Rabbi David Segal
Aspen Jewish Congregation
As a two-career couple, our balance of career and family may look different than our parents’ and grandparents’. But we are building on the lessons they taught us.
My wife and I were blessed with a daughter earlier this month. We named her after two of our grandmothers, and I’ve been reflecting on how her life will differ from theirs. Born about 100 years ago, they were both strong, independent women who charted their own course in life, even as they found doors closed to them because of their gender.
My wife and I both grew up in households with a father as the primary breadwinner and a mother whose career allowed her to work from home while taking primary responsibility for childcare. We learned from them what it looks like when loving partners commit to the balance of parenting and career that works best for their family.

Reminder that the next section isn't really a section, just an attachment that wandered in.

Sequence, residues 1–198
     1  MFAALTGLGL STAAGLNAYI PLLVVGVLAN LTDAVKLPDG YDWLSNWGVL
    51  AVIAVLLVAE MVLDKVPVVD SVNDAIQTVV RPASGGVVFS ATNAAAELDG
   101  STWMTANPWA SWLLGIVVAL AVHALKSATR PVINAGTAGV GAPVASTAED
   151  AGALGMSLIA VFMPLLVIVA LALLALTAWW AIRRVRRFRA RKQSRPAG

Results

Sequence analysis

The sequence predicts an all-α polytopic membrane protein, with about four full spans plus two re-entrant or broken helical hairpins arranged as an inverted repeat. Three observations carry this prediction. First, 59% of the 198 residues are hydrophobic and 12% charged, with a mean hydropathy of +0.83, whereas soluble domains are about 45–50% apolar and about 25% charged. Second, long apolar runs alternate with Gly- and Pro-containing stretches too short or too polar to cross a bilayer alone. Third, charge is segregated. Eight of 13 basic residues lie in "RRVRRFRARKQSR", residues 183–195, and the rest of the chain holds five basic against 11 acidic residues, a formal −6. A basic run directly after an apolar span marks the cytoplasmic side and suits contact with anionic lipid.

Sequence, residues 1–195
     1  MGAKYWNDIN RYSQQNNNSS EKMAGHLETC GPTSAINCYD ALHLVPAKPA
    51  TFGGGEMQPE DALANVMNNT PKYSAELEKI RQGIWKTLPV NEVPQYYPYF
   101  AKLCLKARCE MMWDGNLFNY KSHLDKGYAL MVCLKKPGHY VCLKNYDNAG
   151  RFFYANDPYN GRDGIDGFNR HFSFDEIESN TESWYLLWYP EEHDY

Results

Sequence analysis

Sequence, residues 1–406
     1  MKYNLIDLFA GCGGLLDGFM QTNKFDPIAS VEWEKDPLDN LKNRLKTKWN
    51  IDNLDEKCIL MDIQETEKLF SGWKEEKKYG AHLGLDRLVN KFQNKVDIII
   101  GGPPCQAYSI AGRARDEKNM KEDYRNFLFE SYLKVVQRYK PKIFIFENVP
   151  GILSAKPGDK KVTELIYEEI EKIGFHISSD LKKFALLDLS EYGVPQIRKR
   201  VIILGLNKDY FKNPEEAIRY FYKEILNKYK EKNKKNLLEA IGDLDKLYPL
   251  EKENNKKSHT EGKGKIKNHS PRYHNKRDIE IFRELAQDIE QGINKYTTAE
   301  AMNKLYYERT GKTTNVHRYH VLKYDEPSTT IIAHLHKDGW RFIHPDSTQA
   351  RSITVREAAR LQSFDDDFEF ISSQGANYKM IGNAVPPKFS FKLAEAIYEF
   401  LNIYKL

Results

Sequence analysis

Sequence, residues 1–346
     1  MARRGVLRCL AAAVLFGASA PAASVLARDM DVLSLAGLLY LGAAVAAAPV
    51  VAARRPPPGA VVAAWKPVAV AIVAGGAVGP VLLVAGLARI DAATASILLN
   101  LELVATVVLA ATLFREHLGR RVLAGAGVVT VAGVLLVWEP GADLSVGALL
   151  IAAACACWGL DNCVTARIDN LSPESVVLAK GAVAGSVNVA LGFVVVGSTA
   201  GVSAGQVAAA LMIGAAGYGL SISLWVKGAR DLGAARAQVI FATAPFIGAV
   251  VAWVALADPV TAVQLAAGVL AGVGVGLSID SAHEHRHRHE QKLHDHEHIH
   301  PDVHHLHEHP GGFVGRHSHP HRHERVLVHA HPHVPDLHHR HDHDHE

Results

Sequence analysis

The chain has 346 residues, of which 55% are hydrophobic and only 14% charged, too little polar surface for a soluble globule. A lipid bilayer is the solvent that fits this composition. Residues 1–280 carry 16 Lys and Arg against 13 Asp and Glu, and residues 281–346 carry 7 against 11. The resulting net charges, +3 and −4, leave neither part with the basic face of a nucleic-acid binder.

As a two-career couple, our balance of career and family may look different than our parents’ and grandparents’. But we are building on the lessons they taught us and the examples they modeled. We are shaping the quality of work and life that fits our vision as parents and professionals, and we are grateful for the freedom to do so. We work as clergy partners, the rabbi and cantor of a congregation in Aspen, CO — a demanding career, to be sure. But we are lucky to have landed in a place that values both work and play, where we are encouraged to take time apart and relax.
So when we think about what kind of life and career our newborn daughter will choose someday, we hope she and our three-year-old son will take from our example and make it their own. I pray that they base their decisions not on gender roles and expectations, but on their own values and priorities, and those of their future partners and children. I hope they don’t take for granted the range of choices they will have available to them. In the end, I want for my children what my parents have always wanted for me, and their parents wanted for them: work that fulfills and sustains, and a loving, supportive family to call home.
A contractor on breaking stereotypes in her field -- and beginning to think about gender at work.